Restaurant diners may ingest extra pollutants

This article discusses dining out or dining in?

Eating meals cooked at home was linked to lower body levels of certain hormone-meddling chemicals. Dining out may boost exposure to certain potentially toxic pollutants, a new study finds. Researchers measured higher levels of these phthalates (THAAL-ayts) in the bodies of people who recently dined out than in those who had been eating only foods that had been cooked at home.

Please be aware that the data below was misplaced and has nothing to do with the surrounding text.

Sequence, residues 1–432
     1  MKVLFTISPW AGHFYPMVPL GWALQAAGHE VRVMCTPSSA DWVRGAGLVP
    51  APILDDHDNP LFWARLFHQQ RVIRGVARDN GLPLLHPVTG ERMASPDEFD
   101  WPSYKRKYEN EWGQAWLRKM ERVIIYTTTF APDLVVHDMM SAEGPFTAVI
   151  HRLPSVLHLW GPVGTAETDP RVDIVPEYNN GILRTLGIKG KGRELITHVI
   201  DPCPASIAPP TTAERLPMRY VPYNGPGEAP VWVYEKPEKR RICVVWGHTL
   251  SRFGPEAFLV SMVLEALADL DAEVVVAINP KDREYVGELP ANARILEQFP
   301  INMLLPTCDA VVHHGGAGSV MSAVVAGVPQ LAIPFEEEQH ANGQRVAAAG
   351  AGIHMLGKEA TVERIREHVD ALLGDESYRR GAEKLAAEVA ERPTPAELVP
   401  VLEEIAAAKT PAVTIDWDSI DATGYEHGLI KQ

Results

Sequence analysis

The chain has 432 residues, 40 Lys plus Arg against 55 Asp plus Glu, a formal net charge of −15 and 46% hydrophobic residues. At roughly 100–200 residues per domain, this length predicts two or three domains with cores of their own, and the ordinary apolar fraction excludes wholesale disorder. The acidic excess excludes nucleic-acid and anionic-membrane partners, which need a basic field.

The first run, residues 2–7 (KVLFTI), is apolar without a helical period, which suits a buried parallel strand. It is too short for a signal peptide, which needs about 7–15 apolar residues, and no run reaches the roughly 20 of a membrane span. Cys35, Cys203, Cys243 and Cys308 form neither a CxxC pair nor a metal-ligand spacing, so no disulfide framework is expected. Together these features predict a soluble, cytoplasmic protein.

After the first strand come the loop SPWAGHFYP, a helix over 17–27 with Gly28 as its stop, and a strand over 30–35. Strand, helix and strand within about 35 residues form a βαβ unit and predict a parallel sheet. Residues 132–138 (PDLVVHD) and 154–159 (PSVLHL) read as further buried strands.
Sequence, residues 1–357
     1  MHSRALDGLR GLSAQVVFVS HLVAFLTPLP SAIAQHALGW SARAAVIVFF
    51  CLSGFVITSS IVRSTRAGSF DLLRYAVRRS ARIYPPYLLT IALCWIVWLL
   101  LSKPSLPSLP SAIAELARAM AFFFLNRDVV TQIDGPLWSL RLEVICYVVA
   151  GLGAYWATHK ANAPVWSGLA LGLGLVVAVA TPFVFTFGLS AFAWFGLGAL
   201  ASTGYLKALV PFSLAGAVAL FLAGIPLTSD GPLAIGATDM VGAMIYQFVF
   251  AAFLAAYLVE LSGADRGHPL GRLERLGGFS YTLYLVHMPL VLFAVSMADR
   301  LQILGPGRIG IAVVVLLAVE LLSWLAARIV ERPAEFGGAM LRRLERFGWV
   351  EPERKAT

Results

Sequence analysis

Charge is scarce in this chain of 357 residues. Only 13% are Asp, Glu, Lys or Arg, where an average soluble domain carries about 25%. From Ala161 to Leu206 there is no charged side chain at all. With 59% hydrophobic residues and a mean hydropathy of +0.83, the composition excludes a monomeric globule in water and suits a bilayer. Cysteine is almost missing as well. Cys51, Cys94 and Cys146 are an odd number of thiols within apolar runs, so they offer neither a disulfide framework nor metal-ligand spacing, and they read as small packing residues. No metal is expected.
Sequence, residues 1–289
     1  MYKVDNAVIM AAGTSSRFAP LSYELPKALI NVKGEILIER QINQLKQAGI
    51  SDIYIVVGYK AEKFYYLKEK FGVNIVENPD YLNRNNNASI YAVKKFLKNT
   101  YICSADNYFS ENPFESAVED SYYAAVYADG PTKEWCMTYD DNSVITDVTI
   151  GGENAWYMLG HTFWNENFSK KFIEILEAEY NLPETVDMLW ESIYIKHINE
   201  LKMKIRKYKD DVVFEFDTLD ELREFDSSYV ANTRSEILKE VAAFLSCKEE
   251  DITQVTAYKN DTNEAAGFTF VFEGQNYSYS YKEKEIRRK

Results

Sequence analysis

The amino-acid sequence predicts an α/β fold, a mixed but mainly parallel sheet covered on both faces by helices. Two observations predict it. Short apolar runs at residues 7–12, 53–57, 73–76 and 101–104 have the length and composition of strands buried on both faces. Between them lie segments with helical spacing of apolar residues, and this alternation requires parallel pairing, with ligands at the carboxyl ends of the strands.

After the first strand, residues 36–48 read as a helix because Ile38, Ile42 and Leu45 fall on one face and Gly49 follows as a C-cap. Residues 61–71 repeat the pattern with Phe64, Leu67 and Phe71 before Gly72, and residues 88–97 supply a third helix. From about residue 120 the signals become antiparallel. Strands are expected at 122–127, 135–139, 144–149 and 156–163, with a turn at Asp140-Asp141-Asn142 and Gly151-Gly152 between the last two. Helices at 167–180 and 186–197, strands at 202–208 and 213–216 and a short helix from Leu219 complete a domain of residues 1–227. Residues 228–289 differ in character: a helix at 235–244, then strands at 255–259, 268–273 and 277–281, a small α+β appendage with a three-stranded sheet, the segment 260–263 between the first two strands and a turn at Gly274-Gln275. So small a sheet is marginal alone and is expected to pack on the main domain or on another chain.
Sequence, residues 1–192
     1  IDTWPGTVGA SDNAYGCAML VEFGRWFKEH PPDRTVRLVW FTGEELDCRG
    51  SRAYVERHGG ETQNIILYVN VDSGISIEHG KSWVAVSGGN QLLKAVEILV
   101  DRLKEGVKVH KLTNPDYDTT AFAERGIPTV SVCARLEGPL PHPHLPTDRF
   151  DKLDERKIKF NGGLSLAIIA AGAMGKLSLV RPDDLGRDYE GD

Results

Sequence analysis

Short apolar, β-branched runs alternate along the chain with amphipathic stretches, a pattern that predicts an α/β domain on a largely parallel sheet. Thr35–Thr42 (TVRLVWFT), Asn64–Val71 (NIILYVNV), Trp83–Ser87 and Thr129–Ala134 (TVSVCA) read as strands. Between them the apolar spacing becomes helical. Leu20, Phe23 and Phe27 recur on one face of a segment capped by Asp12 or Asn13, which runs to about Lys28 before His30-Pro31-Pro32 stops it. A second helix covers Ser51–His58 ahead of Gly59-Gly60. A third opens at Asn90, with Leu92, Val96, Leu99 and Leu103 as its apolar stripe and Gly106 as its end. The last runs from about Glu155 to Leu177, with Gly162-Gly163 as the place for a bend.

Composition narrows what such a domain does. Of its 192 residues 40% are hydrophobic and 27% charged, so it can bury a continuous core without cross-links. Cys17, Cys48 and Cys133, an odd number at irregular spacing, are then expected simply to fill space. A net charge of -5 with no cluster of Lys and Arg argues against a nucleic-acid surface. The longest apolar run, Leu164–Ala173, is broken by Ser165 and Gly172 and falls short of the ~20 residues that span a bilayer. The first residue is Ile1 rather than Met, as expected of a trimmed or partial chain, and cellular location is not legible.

Phthalates are found in many products, notably cosmetics, floor tiles and certain types of plastics. These chemicals also are used in food packaging. Many studies over the past few decades have shown phthalates can mimic the action of certain hormones. (Such pollutants are known as endocrine disruptors.) Hormones are important chemicals that help direct the activity of cells throughout the body. The effects of phthalates on hormones may alter how reproductive organs develop in infants and children. These chemicals might even impact the timing of puberty, animal studies have shown. That’s why environmental scientists recommend limiting exposures to phthalates.


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